WAKE FOREST, N.C. (BP)–If a friend confides, “I’m gay,” it can precipitate an avalanche of emotions. Your initial and subsequent responses will accomplish one of two things — distance the friend from you or draw the friend toward you.
Here are five suggestions:
— Express grief with, not anger toward, your friend.
“Be angry, and do not sin,” Ephesians 4:26 says. Grief and anger are natural; where we often need help is knowing when to express each. Grief is typically expressed alone, while anger is often expressed directly at the gay friend. I suggest you switch these.
Grieve with your friend. “Mourn with those who mourn,” Romans 12:15 counsels. Let your friend know you hurt with him, not because of him. Express anger toward the deception in homosexuality. Remember, in most cases your friend has been battling this alone longer than you have known about it.
— Display encouragement, not embarrassment.
Embarrassment frustrates the healing process. A preoccupation with “What will people say?” should be immaterial. If it is difficult to discuss the issue, remember Richard Lovelace’s advice in his book, “Homosexuality and the Church”: “Persons who are compulsively uneasy, fearful, or filled with hatred when relating to persons involved in sexual sin … need a releasing work of the Holy Spirit, freeing their own sexual natures, building in them a sense of security which will permit them to express Christian love while standing firm against impurity” (p. 129).
Jesus was not embarrassed with the woman “at the well”; the one who was “taken in adultery”; and the one who anointed him (John 4 & 8, Luke 7). Jesus, for example, talked with the first woman versus writing her a long letter as some do to their homosexual friends. Neither did Jesus send her a message through another person.
— Communicate love physically, not just verbally.
Recoiling from your friend exacerbates the problem. Why? A component of homosexuality is an inability to develop appropriate same-sex friendships. Place a firm hand on your friend’s shoulder; give him or her a bear hug.
As I have said repeatedly, when I see Christ face to face I am not going to extend my hand in business fashion and say, “Pleased to meet you.”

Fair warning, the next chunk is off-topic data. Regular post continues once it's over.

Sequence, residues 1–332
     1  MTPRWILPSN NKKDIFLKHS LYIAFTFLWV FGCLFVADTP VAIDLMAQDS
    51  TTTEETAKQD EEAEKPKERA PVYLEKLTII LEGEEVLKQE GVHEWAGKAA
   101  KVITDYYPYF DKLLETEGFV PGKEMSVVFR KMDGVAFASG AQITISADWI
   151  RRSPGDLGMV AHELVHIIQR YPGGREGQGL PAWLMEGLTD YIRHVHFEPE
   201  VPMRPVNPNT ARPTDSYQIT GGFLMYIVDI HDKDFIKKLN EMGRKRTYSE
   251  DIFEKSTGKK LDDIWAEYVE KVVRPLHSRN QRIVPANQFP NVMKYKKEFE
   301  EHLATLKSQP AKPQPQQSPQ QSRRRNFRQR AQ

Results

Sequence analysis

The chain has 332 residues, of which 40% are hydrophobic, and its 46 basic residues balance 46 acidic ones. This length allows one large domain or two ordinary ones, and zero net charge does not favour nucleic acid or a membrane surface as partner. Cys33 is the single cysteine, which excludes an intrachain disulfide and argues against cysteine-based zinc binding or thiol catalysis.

— Cultivate an “open-door policy” versus a “case-closed mentality.”
If you communicate, “I refuse any more discussion on the matter,” you are essentially saying, “I don’t want to hear about your pain and confusion.”
Buy good books on the subject and read. Though tempted to give them to your friend, don’t, unless you get his or her permission. Homosexuals understandably resent having books dumped on them. If the friend asks you to read something supporting homosexuality, do it; it won’t hurt you. What better way to learn of the arguments that condone homosexuality and to be able to respond biblically and compassionately. Reading your friend’s literature communicates earnestness and will make him or her more receptive to reading literature you recommend.
Talk with, not to, your friend; resist lecturing. Your friendship is a two-way street; create an atmosphere where your friend could tell you anything and you never blink an eye — unless it is a time when you and your friend are weeping together.
— Emphasize becoming Christ’s disciple versus “how not to be gay.”
Refuse the temptation to try and convert your homosexual friend to heterosexuality. “All you need to do is marry, settle down and everything will work out” is disastrous advice. Heterosexuality is NOT the goal — becoming more like Jesus is! As discipleship occurs, the same-sex attractions diminish and in many cases, but not all, opposite-sex attractions emerge.
Tim Wilkins, a former homosexual, is the director of Cross Ministry, a speaking ministry in Wake Forest, N.C. More information can be found at www.crossministry.org.